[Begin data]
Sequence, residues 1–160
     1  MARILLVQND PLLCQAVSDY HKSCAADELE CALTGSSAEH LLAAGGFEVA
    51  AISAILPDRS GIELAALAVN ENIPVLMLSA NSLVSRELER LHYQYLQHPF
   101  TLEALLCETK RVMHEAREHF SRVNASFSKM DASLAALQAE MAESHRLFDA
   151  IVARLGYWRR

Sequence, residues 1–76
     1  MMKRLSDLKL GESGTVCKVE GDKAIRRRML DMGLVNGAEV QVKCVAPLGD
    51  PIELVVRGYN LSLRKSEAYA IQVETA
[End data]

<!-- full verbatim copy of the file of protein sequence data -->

Sequence, residues 1–160
     1  MARILLVQND PLLCQAVSDY HKSCAADELE CALTGSSAEH LLAAGGFEVA
    51  AISAILPDRS GIELAALAVN ENIPVLMLSA NSLVSRELER LHYQYLQHPF
   101  TLEALLCETK RVMHEAREHF SRVNASFSKM DASLAALQAE MAESHRLFDA
   151  IVARLGYWRR

Sequence, residues 1–76
     1  MMKRLSDLKL GESGTVCKVE GDKAIRRRML DMGLVNGAEV QVKCVAPLGD
    51  PIELVVRGYN LSLRKSEAYA IQVETA